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Living life on the outside

Ex prisoner Marc Renton finds a welcoming church after release. Photo by Osker Lau
After thirteen and a half years in prison, Marc Renton walked free in January of this year and headed straight for a church.

Not just any church, he headed for the Uniting Church congregation led by prison chaplain Beatriz Skippen.

With little preparation for the outside world, Mr Renton feels lucky to have met chaplains inside prison who helped him prepare for the next stage of his life.

“I think I’m blessed actually,” Mr Renton said while celebrating the work of former prison chaplaincy head, Charlie Greer (aka Charlie Chaplin).

“There has been no real transition for me. I think the Holy Spirit has been with me the whole time. Prison ministry is a very important tool for rehabilitation.

“It’s hard to explain the overall effect prison chaplains have on people. It would be hard for me to translate it to you until a door is slammed shut behind you and you are there alone. The prison ministers come in and there is a light. They have an ability to lead people back. If it wasn’t for them, I’d still be lost.”

It was only a few months ago that Mr Renton first met chaplain Beatiriz Skippen at a Bible study in prison.

“There is a saying in jail, a prison minister is called a sky pilot. God calls them and puts them in the right spot.

“To be a prison minister I’d say would be a very daunting task at the start. A lot of different things are going to happen every time they come in. A lot of prisoners don’t like them. A lot of prisoners won’t even talk to them. When you sit there talking to them you’ll hear sneers in the background.”

To live anywhere isolated from the outside world is difficult, but prisons can be boiling pots of anger, frustration and despair. Large numbers of inmates, including Mr Renton, suffer mental illnesses such as depression while in prison.

“To start with, you are in an abnormal environment. People have a lot of stereotypical ideas of what a prison is like and all of those stereotypes are wrong. A lot of the things you hear about do happen, but they happen out here as well. It is not a very nice place, but prison ministers help.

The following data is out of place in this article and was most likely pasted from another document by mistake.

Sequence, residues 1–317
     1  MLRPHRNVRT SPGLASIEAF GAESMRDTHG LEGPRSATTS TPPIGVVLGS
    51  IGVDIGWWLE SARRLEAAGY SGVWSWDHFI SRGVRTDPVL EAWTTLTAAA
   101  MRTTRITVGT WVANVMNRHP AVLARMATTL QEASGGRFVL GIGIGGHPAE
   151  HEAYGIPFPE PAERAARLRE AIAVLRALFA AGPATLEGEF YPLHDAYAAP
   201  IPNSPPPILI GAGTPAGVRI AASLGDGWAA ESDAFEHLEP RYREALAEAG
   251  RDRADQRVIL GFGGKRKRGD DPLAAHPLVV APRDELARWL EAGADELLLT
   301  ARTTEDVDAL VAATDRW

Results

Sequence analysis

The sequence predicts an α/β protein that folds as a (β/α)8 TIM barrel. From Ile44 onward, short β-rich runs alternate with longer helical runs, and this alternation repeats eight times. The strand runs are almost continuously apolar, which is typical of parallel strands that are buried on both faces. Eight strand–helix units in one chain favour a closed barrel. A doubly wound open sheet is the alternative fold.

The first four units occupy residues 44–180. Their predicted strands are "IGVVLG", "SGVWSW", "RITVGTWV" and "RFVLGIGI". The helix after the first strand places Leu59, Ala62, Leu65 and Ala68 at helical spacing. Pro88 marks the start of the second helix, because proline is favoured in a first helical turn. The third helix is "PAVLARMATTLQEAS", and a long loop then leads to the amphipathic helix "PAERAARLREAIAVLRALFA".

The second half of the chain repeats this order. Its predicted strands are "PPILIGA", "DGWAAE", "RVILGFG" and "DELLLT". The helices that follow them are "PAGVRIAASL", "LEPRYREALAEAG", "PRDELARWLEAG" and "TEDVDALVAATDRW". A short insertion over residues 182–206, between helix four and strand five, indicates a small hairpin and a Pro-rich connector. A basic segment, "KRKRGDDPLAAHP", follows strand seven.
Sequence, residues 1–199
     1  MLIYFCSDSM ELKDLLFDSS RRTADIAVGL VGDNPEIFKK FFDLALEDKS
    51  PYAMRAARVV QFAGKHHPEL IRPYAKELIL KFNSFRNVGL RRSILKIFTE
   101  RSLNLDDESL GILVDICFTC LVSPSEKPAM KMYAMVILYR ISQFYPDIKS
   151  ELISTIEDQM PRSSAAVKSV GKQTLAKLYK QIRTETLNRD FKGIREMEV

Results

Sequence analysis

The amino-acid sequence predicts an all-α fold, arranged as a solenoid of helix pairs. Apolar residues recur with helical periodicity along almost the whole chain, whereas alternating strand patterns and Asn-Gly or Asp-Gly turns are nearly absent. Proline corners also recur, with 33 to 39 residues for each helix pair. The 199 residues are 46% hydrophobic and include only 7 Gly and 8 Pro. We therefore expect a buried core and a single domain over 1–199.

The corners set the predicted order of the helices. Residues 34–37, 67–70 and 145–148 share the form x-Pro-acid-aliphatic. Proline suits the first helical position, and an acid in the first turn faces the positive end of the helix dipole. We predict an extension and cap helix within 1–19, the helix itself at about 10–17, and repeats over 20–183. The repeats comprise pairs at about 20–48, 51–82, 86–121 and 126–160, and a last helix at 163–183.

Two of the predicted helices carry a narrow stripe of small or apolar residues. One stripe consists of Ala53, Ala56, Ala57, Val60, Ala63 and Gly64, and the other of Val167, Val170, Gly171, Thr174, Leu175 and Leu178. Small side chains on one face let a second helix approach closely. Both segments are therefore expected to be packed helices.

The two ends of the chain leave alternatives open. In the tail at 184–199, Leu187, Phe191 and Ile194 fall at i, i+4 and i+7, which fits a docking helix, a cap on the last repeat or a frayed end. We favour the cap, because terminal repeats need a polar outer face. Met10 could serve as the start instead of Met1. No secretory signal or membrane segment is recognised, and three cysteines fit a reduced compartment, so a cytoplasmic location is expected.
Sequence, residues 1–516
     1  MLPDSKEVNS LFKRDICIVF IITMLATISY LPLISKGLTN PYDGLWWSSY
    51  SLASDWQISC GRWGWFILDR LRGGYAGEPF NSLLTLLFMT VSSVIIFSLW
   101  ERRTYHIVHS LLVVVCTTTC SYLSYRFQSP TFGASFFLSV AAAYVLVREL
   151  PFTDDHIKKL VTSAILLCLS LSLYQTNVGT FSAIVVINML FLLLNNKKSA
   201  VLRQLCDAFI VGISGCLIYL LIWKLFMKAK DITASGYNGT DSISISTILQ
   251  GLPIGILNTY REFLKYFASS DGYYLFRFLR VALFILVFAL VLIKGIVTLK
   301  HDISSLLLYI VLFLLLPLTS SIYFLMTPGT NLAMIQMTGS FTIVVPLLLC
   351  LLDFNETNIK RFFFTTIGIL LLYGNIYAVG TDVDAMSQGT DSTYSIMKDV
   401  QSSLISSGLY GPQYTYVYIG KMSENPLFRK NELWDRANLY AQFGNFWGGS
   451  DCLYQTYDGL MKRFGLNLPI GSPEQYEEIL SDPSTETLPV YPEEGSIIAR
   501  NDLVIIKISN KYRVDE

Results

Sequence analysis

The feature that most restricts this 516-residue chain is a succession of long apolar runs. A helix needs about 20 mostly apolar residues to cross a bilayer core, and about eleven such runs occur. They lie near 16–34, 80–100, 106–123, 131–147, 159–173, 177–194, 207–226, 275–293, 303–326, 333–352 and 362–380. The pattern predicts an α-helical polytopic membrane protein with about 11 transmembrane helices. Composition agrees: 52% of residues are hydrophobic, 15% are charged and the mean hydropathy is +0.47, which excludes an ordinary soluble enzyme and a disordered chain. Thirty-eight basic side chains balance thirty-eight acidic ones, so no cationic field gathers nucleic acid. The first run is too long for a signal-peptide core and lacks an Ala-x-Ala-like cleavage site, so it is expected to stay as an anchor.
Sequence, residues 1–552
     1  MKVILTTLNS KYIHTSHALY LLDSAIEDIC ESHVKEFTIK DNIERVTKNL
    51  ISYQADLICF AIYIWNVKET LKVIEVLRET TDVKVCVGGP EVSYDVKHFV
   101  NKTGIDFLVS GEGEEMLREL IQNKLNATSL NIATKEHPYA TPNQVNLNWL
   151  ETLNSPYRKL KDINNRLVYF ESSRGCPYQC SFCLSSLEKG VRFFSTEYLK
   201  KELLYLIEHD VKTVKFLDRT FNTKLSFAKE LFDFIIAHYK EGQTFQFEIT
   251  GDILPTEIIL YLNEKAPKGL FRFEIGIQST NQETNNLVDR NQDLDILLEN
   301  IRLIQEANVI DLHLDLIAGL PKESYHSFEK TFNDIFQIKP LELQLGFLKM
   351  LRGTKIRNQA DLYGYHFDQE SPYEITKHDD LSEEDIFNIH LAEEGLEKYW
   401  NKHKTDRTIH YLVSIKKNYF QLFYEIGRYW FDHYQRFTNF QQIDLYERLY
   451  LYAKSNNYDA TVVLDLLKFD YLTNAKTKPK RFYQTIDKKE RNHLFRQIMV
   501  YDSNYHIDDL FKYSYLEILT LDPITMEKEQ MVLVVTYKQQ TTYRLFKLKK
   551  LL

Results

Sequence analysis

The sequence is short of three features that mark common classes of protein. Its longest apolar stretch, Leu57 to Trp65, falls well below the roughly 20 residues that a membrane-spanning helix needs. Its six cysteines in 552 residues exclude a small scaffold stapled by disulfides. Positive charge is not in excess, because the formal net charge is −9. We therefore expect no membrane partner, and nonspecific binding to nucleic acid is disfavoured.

“If you are lucky enough to be led back to the Lord, it doesn’t matter if you are in prison or out here. It is all the same, you are still free.”

To Mr Renton, prison chaplains are a perfect example of what it is to be a Christian. “Have a look at what Jesus did. Who did he talk to? Adulterers, prostitutes, tax collectors and so forth. Prison ministers come in and they act like Jesus acted. They take the time. Like on Christmas day, where was Beatriz? In prison having a church service with us! I’m sure a lot of other people would have preferred to be at home with their families.”

Prison ministry and the ability to pursue his faith while imprisoned gave Mr Renton “direction” in his life.

“Who understands a prisoner? Where do you go? What do you do? You think everyone is looking at you. I went straight to the Uniting Church.  What a good church! I was welcomed straight away. Without that, it would have been very difficult. It is unfortunate there is not more funding that goes into prison ministry.”

With a large number of inmates being repeat offenders, we need to ask if prisons are the best thing to deal with crime in society.

“Something has to be done but what do you do? If you follow the Christian model, forgiveness should be enough. But you are looking at a system that looks at retribution and punishment, and what is justice? It is about bringing balance, it shouldn’t be about retribution.

“Whether they like it or not, 99% of the prisoners are going to be released back into the community. It is how you release them back in the community that will affect the community.

“The only solution is to look at the reintegration. How do we re-establish prisoners? How do we put them back in the community? How do we reduce their chances of re-offending?

“These are the things that need to be looked at. That should be the focus. You are detained for ‘x’ amount of years, what’s the plan? Everyone needs a plan.”

Mr Renton began a science degree while an inmate and is set to complete his studies this year.

Photo : Ex prisoner Marc Renton finds a welcoming church after release. Photo by Osker Lau